From using my time plan I learnt that throughout pretty much the whole opening title sequence, an explosion happens and a credit comes out of this explosion, also a random object comes out of these explosions. I think this gives the audience clues as to how people are going to be killed off in the film, keeping their audience guessing and therefore entertained. CGI is used very heavily throughout this opening sequence, this costs a lot of money especially as it is used so that the explosions look very realistic, this lets the audience know that a lot of money has been put into making the film. There isn't any part of the opening sequence which is filmed so that we can know where the location of the film is, but we can sort of get a location from the objects flying out of the screen at you. There are numerous objects that fly out, like a propeller from an aeroplane we can assume that part of the film may be in an aeroplane or at an airport, in another point lots of kitchen knives fly at you so there may be a part of the film that is located in a kitchen. Yet again this has the audience guessing and interested in to what's going to happen in the film.
The opening sequence doesn't have a particular order in which the credits are shown to the audience. It starts off with the Warner Bros Pictures and New line cinema own designs of credits and then it cuts into the films opening title sequence. The New line cinema credit is repeated highlighting the importance of their company in the making of the film. After the presents and production credits the film name appears and fades away, then come all the other credits. One thing I noticed was that the film title was a lot bigger than the other credits which all the same size, this made it stand out. All credits throughout were the same colour and all centre screen, this shows that they are all of equal importance to one another. They all had the same entry to the screen as well, exploding out towards the audience and fading away. At the end it comes to who the film is written and produced by, the credits are then broken up by lots of explosions and objects flying everywhere after these the directors name explodes out. I think this has been done so that the director is away from the other credits and shows he is more important. The opening sequence then ends with lots of explosions again.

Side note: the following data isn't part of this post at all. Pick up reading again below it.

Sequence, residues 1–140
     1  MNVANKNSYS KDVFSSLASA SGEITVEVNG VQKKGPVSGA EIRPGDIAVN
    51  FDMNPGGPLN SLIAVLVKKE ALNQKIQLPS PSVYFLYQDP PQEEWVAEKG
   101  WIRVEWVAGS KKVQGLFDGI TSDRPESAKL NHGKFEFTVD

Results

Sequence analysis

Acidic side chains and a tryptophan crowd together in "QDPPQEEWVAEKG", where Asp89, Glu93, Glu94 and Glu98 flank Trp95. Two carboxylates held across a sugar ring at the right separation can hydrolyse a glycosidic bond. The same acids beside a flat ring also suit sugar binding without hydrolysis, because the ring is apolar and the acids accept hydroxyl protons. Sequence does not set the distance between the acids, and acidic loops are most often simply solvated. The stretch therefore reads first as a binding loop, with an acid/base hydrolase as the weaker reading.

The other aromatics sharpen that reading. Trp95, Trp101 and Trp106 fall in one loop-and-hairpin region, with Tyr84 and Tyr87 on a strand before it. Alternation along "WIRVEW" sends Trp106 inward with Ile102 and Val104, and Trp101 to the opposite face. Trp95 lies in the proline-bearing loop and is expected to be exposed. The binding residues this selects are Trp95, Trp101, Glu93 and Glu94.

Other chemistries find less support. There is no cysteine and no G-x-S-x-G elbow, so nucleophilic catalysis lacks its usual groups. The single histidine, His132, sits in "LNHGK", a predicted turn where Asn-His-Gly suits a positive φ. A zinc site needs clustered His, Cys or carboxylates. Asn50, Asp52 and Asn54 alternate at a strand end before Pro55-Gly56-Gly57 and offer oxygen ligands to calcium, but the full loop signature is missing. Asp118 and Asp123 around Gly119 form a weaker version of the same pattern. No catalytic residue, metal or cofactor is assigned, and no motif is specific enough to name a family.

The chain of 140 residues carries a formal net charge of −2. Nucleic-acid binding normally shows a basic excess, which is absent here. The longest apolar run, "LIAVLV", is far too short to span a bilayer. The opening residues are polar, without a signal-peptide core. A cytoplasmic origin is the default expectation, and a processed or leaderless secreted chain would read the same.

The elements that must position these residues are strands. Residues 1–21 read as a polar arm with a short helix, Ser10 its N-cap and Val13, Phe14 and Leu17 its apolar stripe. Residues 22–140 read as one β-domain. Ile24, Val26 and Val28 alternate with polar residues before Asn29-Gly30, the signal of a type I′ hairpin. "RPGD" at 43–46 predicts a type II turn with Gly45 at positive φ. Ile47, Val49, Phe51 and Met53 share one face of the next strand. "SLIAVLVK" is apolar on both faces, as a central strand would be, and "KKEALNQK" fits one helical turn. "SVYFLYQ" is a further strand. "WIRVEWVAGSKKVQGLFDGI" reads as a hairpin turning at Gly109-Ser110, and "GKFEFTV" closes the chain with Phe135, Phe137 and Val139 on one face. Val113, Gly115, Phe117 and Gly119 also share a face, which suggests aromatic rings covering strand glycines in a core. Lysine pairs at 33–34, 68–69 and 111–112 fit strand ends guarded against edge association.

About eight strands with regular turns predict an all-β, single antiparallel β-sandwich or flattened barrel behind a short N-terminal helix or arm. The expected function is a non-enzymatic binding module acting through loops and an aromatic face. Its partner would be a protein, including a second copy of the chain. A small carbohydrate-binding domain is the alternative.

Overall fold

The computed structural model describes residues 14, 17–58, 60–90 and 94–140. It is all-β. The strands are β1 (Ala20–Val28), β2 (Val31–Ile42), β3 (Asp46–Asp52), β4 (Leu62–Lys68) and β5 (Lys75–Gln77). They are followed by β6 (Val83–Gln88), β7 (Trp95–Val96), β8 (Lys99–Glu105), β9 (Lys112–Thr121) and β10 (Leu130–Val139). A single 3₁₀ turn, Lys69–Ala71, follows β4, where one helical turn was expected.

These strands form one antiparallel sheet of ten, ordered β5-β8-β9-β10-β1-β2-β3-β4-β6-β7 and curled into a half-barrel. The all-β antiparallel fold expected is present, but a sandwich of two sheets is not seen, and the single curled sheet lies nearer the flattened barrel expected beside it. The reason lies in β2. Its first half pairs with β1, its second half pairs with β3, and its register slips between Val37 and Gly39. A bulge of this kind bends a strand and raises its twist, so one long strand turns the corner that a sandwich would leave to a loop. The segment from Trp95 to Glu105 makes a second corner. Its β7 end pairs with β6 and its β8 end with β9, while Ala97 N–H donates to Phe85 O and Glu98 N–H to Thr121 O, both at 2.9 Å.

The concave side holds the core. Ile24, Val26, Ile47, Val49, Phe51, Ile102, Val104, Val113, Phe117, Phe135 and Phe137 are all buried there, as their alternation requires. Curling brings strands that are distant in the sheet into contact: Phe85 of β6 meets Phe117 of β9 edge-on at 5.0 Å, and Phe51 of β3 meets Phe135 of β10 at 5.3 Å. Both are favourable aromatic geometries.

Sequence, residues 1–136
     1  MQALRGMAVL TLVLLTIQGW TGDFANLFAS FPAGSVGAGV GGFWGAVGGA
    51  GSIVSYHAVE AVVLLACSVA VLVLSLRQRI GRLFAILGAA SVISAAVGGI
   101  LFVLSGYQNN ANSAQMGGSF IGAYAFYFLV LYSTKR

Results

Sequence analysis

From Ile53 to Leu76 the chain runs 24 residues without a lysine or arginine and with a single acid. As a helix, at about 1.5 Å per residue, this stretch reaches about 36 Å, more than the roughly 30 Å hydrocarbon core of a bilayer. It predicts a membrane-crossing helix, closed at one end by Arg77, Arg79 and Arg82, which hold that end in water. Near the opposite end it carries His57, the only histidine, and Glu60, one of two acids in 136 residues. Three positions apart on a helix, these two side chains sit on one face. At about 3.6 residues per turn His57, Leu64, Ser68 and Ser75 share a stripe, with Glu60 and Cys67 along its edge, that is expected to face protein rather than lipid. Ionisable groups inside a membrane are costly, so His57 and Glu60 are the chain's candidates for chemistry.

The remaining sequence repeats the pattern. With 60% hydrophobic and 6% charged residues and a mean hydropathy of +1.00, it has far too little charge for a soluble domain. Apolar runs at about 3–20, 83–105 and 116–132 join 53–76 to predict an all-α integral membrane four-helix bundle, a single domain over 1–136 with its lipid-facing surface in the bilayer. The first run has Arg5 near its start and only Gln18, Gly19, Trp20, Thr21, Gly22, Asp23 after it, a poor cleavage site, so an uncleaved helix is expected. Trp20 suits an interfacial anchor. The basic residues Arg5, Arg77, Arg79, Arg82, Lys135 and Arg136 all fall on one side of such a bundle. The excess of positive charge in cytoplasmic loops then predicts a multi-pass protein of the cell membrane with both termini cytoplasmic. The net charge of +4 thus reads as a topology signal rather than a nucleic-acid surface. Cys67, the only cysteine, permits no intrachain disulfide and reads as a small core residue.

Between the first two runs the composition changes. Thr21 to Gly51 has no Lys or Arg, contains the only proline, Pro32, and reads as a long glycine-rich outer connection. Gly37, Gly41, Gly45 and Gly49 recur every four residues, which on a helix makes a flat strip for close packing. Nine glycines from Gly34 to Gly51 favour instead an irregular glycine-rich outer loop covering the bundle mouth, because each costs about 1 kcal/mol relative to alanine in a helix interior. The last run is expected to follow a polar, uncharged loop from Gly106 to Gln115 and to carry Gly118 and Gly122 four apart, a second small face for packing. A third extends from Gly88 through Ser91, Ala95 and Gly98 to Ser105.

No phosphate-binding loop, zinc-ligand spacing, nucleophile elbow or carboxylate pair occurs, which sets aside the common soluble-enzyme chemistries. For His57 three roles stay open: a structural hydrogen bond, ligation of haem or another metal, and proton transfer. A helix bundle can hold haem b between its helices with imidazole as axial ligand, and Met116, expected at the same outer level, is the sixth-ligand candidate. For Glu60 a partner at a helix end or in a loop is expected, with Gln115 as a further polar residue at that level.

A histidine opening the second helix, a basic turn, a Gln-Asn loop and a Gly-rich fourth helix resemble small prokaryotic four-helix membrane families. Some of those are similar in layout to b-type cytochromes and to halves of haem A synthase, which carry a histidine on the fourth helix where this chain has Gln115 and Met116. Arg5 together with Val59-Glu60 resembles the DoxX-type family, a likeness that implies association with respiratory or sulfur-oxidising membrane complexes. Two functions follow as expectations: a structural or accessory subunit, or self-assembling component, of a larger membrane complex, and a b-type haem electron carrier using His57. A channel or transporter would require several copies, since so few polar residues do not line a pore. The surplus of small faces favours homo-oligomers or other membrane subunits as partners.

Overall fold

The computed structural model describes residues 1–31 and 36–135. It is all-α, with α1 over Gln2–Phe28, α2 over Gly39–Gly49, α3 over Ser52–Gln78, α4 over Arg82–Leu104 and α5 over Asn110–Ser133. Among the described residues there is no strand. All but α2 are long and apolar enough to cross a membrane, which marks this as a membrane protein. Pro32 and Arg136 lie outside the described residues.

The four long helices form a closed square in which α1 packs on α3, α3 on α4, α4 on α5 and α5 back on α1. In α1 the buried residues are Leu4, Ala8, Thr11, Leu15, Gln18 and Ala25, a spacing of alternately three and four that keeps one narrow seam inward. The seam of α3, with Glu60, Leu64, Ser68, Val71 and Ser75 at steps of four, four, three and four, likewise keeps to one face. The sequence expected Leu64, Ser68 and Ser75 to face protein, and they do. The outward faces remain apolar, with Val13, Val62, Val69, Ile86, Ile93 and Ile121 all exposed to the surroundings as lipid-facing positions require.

Throughout the opening sequence there are lots of hints to what is going to happen in the film and what it is about. The use of heavy loud music in the background creates tension and a darkening mood. The CGI, explosions and objects flying everywhere lets the audience know there will be action and death in the film. Overall I think that although it is quite a simple opening title sequence it is very effective in getting the audiences attention and setting the mood for the film.